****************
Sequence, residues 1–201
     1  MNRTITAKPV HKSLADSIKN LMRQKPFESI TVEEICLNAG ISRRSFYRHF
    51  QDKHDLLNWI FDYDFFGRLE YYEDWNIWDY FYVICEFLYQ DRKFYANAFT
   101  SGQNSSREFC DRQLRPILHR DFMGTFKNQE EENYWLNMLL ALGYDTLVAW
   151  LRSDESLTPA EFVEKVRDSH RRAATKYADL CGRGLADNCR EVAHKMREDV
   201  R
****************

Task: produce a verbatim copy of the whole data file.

Sequence, residues 1–201
     1  MNRTITAKPV HKSLADSIKN LMRQKPFESI TVEEICLNAG ISRRSFYRHF
    51  QDKHDLLNWI FDYDFFGRLE YYEDWNIWDY FYVICEFLYQ DRKFYANAFT
   101  SGQNSSREFC DRQLRPILHR DFMGTFKNQE EENYWLNMLL ALGYDTLVAW
   151  LRSDESLTPA EFVEKVRDSH RRAATKYADL CGRGLADNCR EVAHKMREDV
   201  R